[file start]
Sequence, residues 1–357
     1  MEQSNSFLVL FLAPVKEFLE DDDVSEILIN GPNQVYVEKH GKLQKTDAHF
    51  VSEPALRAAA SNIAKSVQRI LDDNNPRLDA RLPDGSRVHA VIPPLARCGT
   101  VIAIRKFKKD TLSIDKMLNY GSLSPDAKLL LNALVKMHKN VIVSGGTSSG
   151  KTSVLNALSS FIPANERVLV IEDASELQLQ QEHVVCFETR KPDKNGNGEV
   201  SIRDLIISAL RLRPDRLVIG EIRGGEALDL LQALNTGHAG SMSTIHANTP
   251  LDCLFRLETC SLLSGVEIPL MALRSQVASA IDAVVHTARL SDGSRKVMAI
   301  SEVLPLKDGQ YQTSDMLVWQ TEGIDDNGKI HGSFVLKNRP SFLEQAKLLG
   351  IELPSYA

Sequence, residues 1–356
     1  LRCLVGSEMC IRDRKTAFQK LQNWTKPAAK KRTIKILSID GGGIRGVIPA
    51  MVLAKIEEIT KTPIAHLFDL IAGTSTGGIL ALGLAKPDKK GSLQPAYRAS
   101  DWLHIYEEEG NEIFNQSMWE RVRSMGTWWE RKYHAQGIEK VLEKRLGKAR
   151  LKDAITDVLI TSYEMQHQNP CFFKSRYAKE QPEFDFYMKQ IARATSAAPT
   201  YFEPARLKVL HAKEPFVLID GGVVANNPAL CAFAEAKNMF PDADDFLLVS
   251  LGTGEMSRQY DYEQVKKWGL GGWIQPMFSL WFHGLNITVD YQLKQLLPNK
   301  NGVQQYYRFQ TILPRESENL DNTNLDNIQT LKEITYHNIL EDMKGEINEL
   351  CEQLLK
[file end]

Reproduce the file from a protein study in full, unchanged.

Sequence, residues 1–357
     1  MEQSNSFLVL FLAPVKEFLE DDDVSEILIN GPNQVYVEKH GKLQKTDAHF
    51  VSEPALRAAA SNIAKSVQRI LDDNNPRLDA RLPDGSRVHA VIPPLARCGT
   101  VIAIRKFKKD TLSIDKMLNY GSLSPDAKLL LNALVKMHKN VIVSGGTSSG
   151  KTSVLNALSS FIPANERVLV IEDASELQLQ QEHVVCFETR KPDKNGNGEV
   201  SIRDLIISAL RLRPDRLVIG EIRGGEALDL LQALNTGHAG SMSTIHANTP
   251  LDCLFRLETC SLLSGVEIPL MALRSQVASA IDAVVHTARL SDGSRKVMAI
   301  SEVLPLKDGQ YQTSDMLVWQ TEGIDDNGKI HGSFVLKNRP SFLEQAKLLG
   351  IELPSYA

Sequence, residues 1–356
     1  LRCLVGSEMC IRDRKTAFQK LQNWTKPAAK KRTIKILSID GGGIRGVIPA
    51  MVLAKIEEIT KTPIAHLFDL IAGTSTGGIL ALGLAKPDKK GSLQPAYRAS
   101  DWLHIYEEEG NEIFNQSMWE RVRSMGTWWE RKYHAQGIEK VLEKRLGKAR
   151  LKDAITDVLI TSYEMQHQNP CFFKSRYAKE QPEFDFYMKQ IARATSAAPT
   201  YFEPARLKVL HAKEPFVLID GGVVANNPAL CAFAEAKNMF PDADDFLLVS
   251  LGTGEMSRQY DYEQVKKWGL GGWIQPMFSL WFHGLNITVD YQLKQLLPNK
   301  NGVQQYYRFQ TILPRESENL DNTNLDNIQT LKEITYHNIL EDMKGEINEL
   351  CEQLLK